Attending the Northeast Junior High School Invitational Band Clinic in Tupelo were Charlotte Clement, Jackie Hill, Jennifer Jones, Kris Aune, Jim  Shearer, Benjy Gurner, and  Bill Gabbert.

Anthony Steel, son of Mrs. China Kuykendall, and a Water Valley High School junior, was an honorable mention tubist at Mississippi Lions Band tryouts.

Robert Bankston and his dog,  Cricket, took home several trophies in the Mississippi State Fox Hunters’ Field Trials.

50 Years—March 2, 1967 – The cornerstone from the old First Baptist Church was opened Sunday morning in a special ceremony. Inside were found a Bible and several newspapers—all were brittle and in very poor condition.

Chancellor Kermit Cofer was presented a plaque by the Northwest Junior College Chapter of Sigma Tau Sigma for outstanding public  service and notable contributions to the welfare of the community, state, and nation.

Don Holmes, son of Mrs. Drusilla Holmes, has been promoted to Airman Second Class in the U.S.Air Force. He is stationed at Ent AFB Colorado.

Paula  Scarbrough was pledged by the “W” social club at Mississippi State College for Women.

The auction of furniture from First Baptist Church drew a crowd. Auctioneer was Toxey Fortinberry, assisted by church members, Paul Parker and Mrs. Carl Sanson. The auction raised more than $2,400.

Jerry Surrette of Water Valley competed in the “Mr. Future Business Leader” Contest at Northwest Junior College.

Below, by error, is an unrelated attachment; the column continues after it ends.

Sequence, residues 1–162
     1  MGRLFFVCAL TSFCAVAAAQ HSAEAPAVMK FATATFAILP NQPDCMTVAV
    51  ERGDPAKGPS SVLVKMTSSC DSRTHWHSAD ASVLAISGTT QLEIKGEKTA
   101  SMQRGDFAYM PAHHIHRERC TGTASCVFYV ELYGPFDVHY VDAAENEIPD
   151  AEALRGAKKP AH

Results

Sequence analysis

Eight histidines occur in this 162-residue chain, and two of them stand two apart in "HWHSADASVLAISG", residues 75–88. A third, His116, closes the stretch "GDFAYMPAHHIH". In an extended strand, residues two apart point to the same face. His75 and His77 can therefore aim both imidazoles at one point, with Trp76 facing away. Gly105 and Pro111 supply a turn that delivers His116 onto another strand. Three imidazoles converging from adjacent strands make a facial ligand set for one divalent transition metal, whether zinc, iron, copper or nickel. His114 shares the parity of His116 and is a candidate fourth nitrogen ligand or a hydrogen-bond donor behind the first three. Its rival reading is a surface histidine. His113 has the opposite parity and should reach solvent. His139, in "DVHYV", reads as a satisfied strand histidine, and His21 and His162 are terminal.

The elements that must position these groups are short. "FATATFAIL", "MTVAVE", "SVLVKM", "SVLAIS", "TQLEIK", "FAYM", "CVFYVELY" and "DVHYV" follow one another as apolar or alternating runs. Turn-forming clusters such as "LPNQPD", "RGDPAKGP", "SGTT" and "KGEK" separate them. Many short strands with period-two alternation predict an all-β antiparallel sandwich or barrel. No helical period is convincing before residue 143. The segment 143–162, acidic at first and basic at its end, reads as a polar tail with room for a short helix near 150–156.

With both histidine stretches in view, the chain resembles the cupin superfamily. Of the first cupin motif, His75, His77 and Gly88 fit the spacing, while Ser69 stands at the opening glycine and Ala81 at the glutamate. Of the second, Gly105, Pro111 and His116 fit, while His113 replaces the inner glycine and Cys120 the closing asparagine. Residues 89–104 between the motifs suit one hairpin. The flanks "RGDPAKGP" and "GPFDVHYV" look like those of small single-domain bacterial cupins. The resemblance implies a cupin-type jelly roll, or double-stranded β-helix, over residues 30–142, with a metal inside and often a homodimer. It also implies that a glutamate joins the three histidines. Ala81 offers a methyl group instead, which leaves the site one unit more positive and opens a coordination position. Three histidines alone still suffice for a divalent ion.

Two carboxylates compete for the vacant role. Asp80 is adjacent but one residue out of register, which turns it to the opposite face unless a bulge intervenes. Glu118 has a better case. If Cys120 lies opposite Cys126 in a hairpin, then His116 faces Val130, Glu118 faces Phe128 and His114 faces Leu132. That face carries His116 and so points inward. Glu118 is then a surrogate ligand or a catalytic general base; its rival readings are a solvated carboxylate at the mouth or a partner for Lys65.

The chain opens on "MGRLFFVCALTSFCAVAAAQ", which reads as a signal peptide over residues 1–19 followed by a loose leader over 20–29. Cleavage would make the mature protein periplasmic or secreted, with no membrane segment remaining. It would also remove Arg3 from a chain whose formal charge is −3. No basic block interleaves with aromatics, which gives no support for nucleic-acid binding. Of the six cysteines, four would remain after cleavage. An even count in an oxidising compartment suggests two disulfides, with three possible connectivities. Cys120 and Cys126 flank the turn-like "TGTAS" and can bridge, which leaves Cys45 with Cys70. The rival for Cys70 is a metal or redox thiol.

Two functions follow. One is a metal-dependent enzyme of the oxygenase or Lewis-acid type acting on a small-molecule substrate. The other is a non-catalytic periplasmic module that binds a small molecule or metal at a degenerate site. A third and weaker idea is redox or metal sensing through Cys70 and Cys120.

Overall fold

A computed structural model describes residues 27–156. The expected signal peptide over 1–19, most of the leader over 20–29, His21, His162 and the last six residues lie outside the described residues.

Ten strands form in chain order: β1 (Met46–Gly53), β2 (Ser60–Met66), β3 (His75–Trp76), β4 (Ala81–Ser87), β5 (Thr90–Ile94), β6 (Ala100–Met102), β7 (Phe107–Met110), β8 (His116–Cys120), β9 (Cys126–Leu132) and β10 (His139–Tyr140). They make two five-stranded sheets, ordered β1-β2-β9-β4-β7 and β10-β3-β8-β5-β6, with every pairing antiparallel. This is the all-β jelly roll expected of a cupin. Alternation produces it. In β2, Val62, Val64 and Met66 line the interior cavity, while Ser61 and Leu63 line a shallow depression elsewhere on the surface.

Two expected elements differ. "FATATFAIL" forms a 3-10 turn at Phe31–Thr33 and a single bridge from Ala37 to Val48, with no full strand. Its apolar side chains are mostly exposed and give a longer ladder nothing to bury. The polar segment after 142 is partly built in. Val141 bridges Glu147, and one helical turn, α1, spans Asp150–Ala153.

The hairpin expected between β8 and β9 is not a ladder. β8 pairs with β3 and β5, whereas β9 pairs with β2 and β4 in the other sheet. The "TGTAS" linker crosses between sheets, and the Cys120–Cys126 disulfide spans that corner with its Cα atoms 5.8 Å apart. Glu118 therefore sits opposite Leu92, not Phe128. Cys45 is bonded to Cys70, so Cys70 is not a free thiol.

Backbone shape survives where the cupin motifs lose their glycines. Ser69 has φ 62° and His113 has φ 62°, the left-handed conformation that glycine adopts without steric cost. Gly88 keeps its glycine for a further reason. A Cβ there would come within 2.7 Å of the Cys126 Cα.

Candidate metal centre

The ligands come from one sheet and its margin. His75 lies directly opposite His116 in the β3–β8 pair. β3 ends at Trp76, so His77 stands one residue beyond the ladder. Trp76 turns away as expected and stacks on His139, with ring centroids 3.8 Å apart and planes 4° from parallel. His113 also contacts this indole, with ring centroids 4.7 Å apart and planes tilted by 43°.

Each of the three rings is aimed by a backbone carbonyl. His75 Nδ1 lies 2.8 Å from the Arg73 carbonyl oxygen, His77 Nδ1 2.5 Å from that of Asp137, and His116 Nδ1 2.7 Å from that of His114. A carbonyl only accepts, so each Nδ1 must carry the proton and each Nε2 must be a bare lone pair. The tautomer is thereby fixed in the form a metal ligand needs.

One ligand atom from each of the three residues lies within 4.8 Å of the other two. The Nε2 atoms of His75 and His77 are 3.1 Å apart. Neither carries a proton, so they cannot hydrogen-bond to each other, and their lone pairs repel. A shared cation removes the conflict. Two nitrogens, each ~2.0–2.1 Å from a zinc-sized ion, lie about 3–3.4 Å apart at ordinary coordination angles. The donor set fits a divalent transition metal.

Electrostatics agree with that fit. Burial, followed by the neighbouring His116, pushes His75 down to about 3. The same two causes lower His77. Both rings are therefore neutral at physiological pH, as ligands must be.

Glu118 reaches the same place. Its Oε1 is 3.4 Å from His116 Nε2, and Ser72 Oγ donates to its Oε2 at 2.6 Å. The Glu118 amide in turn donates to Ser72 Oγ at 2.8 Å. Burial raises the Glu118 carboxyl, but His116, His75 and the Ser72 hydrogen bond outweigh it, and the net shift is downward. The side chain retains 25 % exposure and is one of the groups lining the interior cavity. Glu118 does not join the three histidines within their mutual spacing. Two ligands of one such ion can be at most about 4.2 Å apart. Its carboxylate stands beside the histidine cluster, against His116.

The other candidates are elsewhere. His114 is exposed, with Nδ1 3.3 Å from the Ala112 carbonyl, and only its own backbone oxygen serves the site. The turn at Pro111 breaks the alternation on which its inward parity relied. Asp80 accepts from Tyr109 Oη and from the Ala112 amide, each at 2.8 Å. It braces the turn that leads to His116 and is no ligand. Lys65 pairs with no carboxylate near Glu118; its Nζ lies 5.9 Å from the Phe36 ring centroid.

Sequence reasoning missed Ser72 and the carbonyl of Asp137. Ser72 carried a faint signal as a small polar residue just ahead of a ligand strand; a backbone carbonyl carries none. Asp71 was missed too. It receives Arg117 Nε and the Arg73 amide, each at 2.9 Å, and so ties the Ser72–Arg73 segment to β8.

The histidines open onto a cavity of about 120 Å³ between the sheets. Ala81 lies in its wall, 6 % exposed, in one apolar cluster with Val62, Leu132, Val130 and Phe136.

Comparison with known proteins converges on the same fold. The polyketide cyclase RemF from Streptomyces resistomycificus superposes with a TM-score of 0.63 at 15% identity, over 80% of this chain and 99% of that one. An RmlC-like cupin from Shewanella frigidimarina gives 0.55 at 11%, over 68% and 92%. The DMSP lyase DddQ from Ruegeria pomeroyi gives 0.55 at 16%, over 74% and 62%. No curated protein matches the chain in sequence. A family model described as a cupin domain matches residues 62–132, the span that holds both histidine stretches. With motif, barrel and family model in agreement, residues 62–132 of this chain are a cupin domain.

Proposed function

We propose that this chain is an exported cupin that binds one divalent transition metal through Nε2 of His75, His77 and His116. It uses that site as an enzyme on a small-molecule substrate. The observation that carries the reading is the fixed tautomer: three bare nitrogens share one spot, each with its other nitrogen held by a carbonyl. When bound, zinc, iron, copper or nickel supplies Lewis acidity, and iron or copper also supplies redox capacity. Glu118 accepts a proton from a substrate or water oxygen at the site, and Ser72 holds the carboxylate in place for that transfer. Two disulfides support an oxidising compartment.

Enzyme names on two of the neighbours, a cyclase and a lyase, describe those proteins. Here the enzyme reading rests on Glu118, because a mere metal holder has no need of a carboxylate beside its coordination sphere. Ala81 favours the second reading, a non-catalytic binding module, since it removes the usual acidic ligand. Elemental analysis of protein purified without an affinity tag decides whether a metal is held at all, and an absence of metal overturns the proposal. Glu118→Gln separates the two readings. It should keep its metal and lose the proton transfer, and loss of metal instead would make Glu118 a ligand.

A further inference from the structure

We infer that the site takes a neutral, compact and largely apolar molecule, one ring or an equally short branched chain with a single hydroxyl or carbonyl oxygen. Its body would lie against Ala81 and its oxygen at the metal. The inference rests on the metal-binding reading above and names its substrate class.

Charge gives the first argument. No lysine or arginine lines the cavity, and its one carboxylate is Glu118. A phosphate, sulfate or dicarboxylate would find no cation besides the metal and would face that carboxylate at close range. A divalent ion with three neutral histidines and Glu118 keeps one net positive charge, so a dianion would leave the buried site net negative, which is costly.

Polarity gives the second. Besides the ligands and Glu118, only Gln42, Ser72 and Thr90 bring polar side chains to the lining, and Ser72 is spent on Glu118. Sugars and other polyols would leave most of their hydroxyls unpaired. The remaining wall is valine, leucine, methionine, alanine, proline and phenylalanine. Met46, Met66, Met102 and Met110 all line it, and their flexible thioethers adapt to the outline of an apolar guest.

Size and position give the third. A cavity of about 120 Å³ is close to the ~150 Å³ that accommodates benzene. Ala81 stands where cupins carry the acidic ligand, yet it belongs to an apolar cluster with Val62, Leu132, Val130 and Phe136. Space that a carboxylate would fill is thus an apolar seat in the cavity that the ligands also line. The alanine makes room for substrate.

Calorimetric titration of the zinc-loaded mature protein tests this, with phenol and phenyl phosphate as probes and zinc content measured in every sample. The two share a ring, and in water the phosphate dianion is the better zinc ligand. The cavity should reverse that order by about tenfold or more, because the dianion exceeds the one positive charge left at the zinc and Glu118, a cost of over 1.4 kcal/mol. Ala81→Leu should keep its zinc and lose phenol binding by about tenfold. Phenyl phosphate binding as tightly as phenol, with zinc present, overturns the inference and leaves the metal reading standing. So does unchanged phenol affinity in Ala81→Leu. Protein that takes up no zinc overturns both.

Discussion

60 Years—February 28, 1957 –  Sporting new Navy haircuts were Carl Raymond McDonald, son of Mrs. Govie McDonald, and David Alonzo Harding, son of Mr. and Mrs. D. A. Harding. Carl and Alonzo are members of the Navy’s recruit “Rock & Roll” Company at Navy Recruit Center in San Diego, Calif.

Charles Gardiner and Luke Nolen were hunting rabbits but instead of rabbits they found a bobcat, which weighed eleven and a  half pounds.

The Garden Club of Water Valley celebrated its 20th anniversary with 11 charter members present. The charter members were Mrs. Roy Bennett, Mrs. H.  R. Blackstone, Mrs. R. A. Blackston, Mrs. G. A. Brown, Mrs. B. F. Evans, Mrs. I. S. Houston, Mrs. O. V. Newman, Mrs. C. E. Ringold, Mrs. C. C. Stacy, Mrs. J. S. Throop, Sr., and Mrs. George Wagner.

The Water Valley Blue Devils will meet the powerful Belzoni team in the A-AA basketball tournament.

70–Years—March 6, 1947 – Charles Cooper was judged the winner in the American Legion Oratorical Contest. His subject was the Constitution of the United States.

Mrs. Addie Smith Woods, first Yalobusha County Home Demonstration Agent, cut the birthday cake at the Home Demonstration Clubs’ 30th anniversary luncheon. Several other former agents were also present for the occasion.

After an address by School Superintendent Noel Bell, the Water Valley PTA gave their approval to plans to remodel the grammar school.

Water Vallians J.W. Mauldin, John L.Edgar, and T. O. Gore, Sr. are delegates for the Head Camp Meeting of the Mississippi Jurisdiction of Woodmen of the World Life Insurance Society to be held in Hattiesburg.

Water Valley gets new rates on electric service. The mayor and board of aldermen adopted the new rates, which means a reduction of approximately 12 percent in bills of smaller users.